Eye to eye with a heron

Grey heron - Luke Massey/2020VISION

Communications Officer, Rachel Shaw, finds that even familiar paths from home can deliver memorable moments in nature

I don’t have to walk far from my home before I come across water. Straight lines carved through the land. Some are ancient like the Fossdyke which was built by the Romans and is possibly the oldest the canal in England. Others are newer, built to catch water from the land and drain it away. Known by the un-romantic name, catchwater drains, they are straight and steep banked. They aren’t places that I would naturally seek out but over the past year, they have become familiar.

It can be hard to feel enthusiastic about the winter trudge through the mud on the bank tops of these drains. The cygnets have grown, the swallows have left. Even the moorhens are determined to stay hidden. They disappear into the reeds with their tails flicking. But these waterways still have the ability to stop me in my tracks.

Walking along the bank top one cold afternoon, I glanced down. Beneath me, a metre or two away at the base of the grassy bank, was a grey heron. I hadn’t noticed him until I’d almost walked past. He stood perfectly still, like a plastic decoy by a pond. I froze too, determined that I wasn’t going to be the first to move.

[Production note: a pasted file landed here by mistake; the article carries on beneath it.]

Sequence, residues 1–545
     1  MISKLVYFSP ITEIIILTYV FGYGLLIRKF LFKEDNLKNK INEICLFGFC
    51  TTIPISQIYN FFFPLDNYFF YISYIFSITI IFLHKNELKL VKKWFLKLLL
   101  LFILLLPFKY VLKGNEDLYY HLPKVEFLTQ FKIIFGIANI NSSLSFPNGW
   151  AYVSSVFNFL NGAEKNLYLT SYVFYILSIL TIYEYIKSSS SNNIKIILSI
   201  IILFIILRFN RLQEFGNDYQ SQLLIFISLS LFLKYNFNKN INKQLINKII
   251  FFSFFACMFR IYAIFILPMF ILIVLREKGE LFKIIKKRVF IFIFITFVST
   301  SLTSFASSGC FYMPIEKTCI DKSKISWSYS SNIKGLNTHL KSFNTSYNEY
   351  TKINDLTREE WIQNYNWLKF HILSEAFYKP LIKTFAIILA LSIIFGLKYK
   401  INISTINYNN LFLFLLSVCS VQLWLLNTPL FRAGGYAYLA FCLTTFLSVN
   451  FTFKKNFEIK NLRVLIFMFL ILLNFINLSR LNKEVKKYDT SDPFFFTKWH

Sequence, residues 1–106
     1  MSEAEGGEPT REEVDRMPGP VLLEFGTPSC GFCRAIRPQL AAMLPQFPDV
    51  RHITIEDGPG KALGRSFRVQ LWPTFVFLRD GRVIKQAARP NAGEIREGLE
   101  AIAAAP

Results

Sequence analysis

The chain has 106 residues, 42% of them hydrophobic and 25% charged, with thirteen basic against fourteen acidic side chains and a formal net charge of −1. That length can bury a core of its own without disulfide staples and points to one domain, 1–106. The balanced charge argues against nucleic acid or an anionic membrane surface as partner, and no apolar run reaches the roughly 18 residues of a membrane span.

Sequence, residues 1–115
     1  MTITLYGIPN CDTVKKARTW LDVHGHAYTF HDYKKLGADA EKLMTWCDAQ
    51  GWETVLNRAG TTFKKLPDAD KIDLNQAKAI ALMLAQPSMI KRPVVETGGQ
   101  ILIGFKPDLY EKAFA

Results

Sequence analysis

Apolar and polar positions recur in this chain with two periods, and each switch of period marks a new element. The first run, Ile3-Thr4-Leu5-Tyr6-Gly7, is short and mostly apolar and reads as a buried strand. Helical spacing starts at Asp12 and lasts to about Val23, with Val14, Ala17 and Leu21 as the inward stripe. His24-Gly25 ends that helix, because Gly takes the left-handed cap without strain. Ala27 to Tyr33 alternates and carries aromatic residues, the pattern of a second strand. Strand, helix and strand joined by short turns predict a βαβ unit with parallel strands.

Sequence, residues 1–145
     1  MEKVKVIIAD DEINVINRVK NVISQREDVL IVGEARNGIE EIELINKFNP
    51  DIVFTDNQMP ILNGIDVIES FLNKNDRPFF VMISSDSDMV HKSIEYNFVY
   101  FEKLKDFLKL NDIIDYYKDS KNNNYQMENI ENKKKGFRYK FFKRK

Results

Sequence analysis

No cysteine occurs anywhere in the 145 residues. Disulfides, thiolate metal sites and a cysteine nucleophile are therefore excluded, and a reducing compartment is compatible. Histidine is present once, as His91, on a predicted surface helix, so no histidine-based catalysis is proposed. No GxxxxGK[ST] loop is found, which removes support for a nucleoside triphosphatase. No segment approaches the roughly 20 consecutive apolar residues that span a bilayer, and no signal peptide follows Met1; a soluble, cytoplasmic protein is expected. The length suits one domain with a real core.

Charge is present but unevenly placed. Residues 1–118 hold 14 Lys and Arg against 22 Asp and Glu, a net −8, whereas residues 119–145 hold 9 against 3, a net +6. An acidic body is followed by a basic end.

Time stood still as we both stood still. In this moment of stillness, all I was thinking about was the heron and if he would move first. I looked at him, he looked at me. We both waited. Then, the heron lifted one foot, stretched out his toes and took a step forward.

Time stood still as we both stood still.
Grey heron in reeds

Grey heron - David Tipling/2020VISION

Each step was slow, thoughtful, deliberate. He walked a few metres and silently stepped through the reeds to the edge of the water. He stopped and stared intently into the water. His beak pointing like a dagger ready to strike any passing prey. I crept away. Feeling I’d won the staring match. He had been the first to move and I hadn’t disturbed him or caused him to fly away.

I often see herons but this encounter made me wonder how many I had walked passed without noticing them? They are large birds, almost a metre tall, but their stillness is like an invisibility cloak. They also stand in the fields next to the drains. Shoulders hunched and necks drawn down; they become part of the landscape.

My walks will be local for sometime yet. Whilst I’m looking forward to spring and the new sightings that it will bring, there will be more moments that make the winter walks worthwhile. Perhaps the more worthwhile because of the familiarity.

Portrait of a grey heron

Grey heron - Terry Whittaker/2020VISION